Thai Lilac and Thai Blue Point
Korat breeders and owners have always prided themselves that the Korat is an ancient breed, traced back to imports from Thailand and only ‘blue’ cats are Korats. The Standard of Points called for blue only, but the Korat doesn’t only produce blue kittens. From the earliest days of recorded Korat breeding in the west (1959), kittens have been born occasionally with a Siamese type pattern, pale body with some shading, but the blue colour restricted to the points (face, ears, legs & paws, and tail). In other parts of the world these have been, and still are, considered Korats with a blemish, in the same way as a kinked tail or a white patch makes a cat unsuitable for the show bench.
Therefore, when in 1989 two Korats mated together in the UK gave birth to a ‘pink’ kitten, it was a bit of a surprise, to say the least. In the late 80’s and early 90’s other UK based Korats gave birth to the odd ‘white’ and ‘pink’ kitten.
It became clear that these new ‘colours’ (although one is really a restricted coat pattern) were derived from recessive genes, dormant in the Korats for many generations and coming together to either ‘dilute’ the coat colour, in the case of the Thai Lilac, or restrict the coat colour to a Siamese type, pointed, pattern in the case of the Thai Blue Point.
Some people wonder why these cats are not simply called Lilac Korats and Blue Pointed Korats, if their parents are Korats? But remember, the word Korat in Thai (Si-sawat) means blue cat, and indeed, the Korat is defined as the blue cat of Thailand. That means any other coloured cat, regardless of parentage, cannot qualify for this definition. Therefore names were coined that described both the colour and origin, but also respected tradition, according to breeders’ wishes.
Origin of the Thais
So where did these genes come from? The origins must lie somewhere back in the mists of time in Thailand. Sealpoint Siamese (Vichien Mas), Korats (Si-Sawats) and Copper cats (Thong Daeng) all existed as recognised Thai cats several hundred years ago and have been developed as Siamese, Korats and Burmese, distinct and separate breeds in the west since the beginning of the 20th century. Each breed carries a genetic legacy from their country of origin. It is on record that the Korat is thought to have added the ‘blue’ to the Blue Point Siamese, possibly the Burmese acquired their blue genes from this source too. It’s not really very surprising that a few Korats gained added extras in return.
In the UK another colour or coat pattern is classed as simply different, it can’t be listed as a fault. Many UK breeders embraced these ‘different’ cats and so two new breeds were declared for UK registration with GCCF, the Thai Lilac (34c) and Thai Blue Point (34 40 2).
Once their existence was acknowledged it was left to breeders to decide whether they wanted to select for the Lilac colour or Blue Point pattern, or ignore these and try to breed away from them. There was one condition. The ‘different’ cats should qualify for a show bench place on their own merits, as separate breeds from the Korats.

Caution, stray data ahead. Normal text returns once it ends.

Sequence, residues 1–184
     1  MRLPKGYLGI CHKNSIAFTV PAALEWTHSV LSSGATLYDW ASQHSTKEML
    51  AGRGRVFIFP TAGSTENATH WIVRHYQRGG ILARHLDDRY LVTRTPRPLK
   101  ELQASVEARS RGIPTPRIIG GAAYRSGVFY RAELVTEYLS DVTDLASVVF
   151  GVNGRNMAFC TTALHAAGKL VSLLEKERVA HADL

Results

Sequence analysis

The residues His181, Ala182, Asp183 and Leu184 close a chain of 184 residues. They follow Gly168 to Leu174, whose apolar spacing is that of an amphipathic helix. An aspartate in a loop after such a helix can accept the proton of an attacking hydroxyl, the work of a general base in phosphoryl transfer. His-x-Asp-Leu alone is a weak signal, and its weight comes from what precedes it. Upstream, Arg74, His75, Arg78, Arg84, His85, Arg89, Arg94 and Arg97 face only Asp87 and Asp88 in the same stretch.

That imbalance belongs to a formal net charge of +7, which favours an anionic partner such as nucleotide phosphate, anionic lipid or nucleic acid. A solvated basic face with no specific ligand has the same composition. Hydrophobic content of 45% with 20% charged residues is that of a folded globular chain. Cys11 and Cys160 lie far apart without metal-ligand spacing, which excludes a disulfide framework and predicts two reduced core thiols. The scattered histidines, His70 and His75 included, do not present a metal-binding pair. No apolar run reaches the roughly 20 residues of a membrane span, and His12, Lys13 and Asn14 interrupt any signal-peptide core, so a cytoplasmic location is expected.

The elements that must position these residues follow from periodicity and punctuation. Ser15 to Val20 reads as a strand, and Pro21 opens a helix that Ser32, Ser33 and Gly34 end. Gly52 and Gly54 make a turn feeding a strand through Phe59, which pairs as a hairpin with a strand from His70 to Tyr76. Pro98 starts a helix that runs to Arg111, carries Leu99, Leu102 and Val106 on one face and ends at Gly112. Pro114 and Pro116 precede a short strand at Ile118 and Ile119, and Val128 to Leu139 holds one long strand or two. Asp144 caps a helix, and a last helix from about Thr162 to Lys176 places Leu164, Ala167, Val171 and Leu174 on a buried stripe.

Preliminary Recognition was granted by GCCF in February 2002 and Thai Lilacs and Thai Blue Points were shown in Thai assessment classes. The Thai Lilac had a 100% show record with every Thai Lilac shown earning its Merit Certificate. The Thai Blue Point didn’t achieve a 100% record of Merit Certificates but it’s not far short of this. Provisional status for both, was successfully applied for in October 2008 and the Thais moved up to compete for Intermediate Certificates from June 2009. Hopefully, it won’t be too long before we achieve Championship status for the Thai cats who came out of the Blue!
The Thai Lilac is a unique cat who will eventually get the awards it deserves. The same Standard of Points applies to the lilac cat as does to the Korat with an exception made on the colour of the coat. This should be “lilac of a warm pinky-beige tone, tipped with silver. A lilac cat with a silver tipped coat and large, expressive, clear green eyes – truly, winning and appealing qualities.
Thai Blue Point
Again, the same Standard of Points applies to the blue pointed cat as does to the Korat with an exception made on the colour of the eyes and coat colour and pattern. The Standard of Points calls for a heart shaped face, large blue eyes and a body colour of off white with some shading allowed on back and sides to tone with the points. The blue points should be tipped with silver. Soundness to the roots, does not apply. With such attractive qualities demanded it surely won’t be long before the Thai Blue Point wins a special following of its own.
Korats or Thais – That Is The Question?
Both recessive genes can be identified by DNA testing using a simple cheek swab so it is very easy to select a cat which either does or doesn’t carry the recessive siamese or chocolate gene, if that is important to your breeding programme. Some Korat breeders prefer to keep the “blue” line and are deliberately breeding their cats to ensure that neither recessive gene is present. Others, are deliberately mixing the dominant blue and recessive genes to produce Korats, Thai Lilacs and Thai Blue Points, which because of the ancestry of these wonderful cats, still conform to the Korat Standard of Points and have that delightful Korat temperament. To all intents and purposes, the Thais are simply Korats wearing a different coat.
That’s what I love about science, medicine and democracy, it gives us such choice!